A Critical Review on the documentary “Poverty, Inc.”


The documentary “Poverty, Inc.” has become so influential that it is now part of many courses at the university level. The good news is that at universities we apply critical thinking to the information we receive (or we are supposed to). As a development economist, I share here my views on this famous documentary.

On the positive side, the documentary does a good job in making some points for an audience unfamiliar with economic theory, such as the idea that dependency does not end poverty, or that current foreign aid (money flows between governments) has “unintended consequences that do more harm than good.” However, both ideas are not new in development studies. The much quoted “teach a human to fish” is an idea associated with many philosophers, including Maimonides (about 850 years ago). This criticism of the structure of current foreign aid is a relatively old idea in the development literature. Perhaps the best point made by the documentary is the argument that Non-governmental Organizations (NGOs) can do a better job if they base their strategies on effective communications with local entities, although this idea is not new either.

What are, then, the problems with this documentary? Many. Firstly, the development literature has two main perspectives; namely, the conservative and the progressive. A documentary that omits a whole branch of argumentation is not responsible and carries “unintended consequences,” such as misinforming that unfamiliar audience. Besides mentioning supranational entities, the documentary did not expose crucial structural problems: there is no serious analysis on geopolitics, global power relations, or class issues, among others. A class analysis would not, for instance, focus on stressing that “NGOs need the poor to exist” but that “the rich need the poor to exist”.Read More »

Premature Deindustrialization and its Consequences for Human Welfare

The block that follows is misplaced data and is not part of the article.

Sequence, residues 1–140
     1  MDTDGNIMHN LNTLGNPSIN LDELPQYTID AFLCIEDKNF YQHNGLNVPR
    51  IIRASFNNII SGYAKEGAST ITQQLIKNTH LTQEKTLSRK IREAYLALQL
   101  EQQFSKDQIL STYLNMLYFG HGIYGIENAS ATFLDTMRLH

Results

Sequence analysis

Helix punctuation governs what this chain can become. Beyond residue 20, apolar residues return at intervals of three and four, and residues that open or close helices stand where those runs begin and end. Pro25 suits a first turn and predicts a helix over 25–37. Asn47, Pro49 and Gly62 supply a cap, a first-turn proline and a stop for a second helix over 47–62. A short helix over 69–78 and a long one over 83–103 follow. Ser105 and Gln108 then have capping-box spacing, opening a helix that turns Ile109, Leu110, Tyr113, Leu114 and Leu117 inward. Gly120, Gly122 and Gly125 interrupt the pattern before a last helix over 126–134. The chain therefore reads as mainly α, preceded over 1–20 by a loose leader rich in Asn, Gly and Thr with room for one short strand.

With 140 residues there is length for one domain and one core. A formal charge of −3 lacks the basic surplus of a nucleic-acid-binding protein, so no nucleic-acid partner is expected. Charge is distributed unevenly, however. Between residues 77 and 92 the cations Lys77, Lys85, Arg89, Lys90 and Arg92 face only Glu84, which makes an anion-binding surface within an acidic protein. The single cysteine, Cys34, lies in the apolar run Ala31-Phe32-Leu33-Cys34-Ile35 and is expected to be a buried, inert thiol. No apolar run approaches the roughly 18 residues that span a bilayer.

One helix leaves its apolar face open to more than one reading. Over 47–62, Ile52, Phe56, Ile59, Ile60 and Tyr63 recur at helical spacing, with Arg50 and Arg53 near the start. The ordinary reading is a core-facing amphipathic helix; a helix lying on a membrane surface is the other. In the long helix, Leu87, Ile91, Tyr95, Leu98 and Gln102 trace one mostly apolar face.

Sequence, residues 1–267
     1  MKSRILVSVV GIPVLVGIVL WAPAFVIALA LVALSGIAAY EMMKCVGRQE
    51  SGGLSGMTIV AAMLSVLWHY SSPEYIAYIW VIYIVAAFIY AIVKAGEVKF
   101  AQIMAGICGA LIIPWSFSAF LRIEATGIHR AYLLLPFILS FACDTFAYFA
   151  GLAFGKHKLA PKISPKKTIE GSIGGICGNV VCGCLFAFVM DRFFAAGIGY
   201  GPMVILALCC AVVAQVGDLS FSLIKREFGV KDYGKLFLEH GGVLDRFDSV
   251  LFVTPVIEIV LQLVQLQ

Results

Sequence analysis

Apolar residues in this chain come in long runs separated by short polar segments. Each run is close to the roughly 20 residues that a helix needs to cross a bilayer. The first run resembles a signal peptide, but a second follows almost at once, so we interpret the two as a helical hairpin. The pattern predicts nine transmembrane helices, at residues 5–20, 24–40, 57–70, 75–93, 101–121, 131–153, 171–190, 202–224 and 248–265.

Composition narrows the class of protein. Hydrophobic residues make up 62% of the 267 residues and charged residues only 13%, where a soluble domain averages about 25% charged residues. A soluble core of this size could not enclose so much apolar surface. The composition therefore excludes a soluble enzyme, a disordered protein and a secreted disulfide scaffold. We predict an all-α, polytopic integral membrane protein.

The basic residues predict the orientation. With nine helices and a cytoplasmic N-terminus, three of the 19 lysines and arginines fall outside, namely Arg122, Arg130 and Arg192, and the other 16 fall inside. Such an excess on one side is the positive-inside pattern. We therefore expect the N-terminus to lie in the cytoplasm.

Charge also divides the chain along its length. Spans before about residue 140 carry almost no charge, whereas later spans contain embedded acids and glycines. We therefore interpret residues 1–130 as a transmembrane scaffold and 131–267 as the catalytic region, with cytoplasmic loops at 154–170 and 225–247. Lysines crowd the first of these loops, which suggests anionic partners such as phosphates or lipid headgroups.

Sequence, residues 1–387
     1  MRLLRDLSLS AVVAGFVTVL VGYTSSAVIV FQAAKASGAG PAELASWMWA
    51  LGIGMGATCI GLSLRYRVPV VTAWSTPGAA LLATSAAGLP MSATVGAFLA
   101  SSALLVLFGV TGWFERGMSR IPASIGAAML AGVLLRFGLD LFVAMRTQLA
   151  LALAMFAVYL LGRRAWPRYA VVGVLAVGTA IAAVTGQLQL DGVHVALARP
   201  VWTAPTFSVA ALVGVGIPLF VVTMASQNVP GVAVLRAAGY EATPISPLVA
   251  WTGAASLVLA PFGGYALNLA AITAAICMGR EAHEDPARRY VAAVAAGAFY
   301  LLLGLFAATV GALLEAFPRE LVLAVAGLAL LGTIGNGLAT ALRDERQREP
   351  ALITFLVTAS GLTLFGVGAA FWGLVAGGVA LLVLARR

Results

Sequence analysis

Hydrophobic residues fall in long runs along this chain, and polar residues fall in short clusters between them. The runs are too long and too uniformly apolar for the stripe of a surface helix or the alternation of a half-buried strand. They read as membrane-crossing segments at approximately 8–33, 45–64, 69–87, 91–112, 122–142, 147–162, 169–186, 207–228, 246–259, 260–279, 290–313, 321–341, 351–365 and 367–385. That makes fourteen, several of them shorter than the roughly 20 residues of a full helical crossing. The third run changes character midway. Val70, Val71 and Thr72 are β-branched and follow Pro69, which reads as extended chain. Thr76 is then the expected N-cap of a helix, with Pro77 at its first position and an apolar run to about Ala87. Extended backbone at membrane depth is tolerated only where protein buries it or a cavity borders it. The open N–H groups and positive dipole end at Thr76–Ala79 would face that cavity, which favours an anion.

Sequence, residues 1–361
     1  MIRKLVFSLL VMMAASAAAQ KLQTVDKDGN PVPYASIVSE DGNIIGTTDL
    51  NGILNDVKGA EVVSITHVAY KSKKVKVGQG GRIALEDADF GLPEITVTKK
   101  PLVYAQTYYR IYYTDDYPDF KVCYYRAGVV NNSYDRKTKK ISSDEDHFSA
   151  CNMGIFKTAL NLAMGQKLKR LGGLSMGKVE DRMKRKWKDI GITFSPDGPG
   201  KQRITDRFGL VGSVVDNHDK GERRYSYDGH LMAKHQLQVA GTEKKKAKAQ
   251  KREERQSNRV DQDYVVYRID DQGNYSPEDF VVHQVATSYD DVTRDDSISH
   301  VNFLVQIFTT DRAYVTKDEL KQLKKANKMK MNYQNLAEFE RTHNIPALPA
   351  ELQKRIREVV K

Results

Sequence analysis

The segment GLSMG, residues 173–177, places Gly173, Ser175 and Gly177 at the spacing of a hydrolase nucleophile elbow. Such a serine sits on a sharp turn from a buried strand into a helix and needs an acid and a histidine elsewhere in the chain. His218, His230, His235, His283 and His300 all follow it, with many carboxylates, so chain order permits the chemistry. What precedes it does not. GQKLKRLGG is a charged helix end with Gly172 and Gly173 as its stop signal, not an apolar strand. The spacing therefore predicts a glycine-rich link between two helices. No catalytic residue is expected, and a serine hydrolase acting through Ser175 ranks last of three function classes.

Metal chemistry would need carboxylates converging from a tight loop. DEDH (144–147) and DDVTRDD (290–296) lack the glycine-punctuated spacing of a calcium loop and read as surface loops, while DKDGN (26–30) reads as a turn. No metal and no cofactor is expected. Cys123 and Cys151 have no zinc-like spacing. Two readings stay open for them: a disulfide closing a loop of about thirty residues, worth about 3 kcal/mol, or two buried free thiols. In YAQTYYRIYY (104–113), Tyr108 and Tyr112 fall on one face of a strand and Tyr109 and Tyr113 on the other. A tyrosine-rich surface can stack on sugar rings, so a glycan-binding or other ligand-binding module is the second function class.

Seagate_Wuxi_China_Factory_Tour.jpegRecent research suggests that late industrializers have not been following previously observed patterns in terms of sectoral change and employment, but the effect of these changing structural patterns on well-being and the distribution of gains from growth has not yet been systematically examined. There is a global shift towards both lower employment in industry at all levels of income per capita and de-industrialization, the shift from manufacturing to service employment, taking place at significantly lower levels of income (See work by Timmer, de Vries, and de Vries; Subramanian; and Rodrik here, here, here and here).

Deindustrialization, Employment Generation, and the “Precarization” of Global Labor
There are many reasons why these new patterns may have negative effects on inclusive development; some recent research emphasizes the important role that periods of high levels of manufacturing employment have played in now wealthy countries, and the dearth of wealthy countries that have skipped such a phase; there are concerns about the effects of lower levels of manufacturing output on both growth and employment generation ( See again Timmer, de Vries, and de Vries and Rodrik).Read More »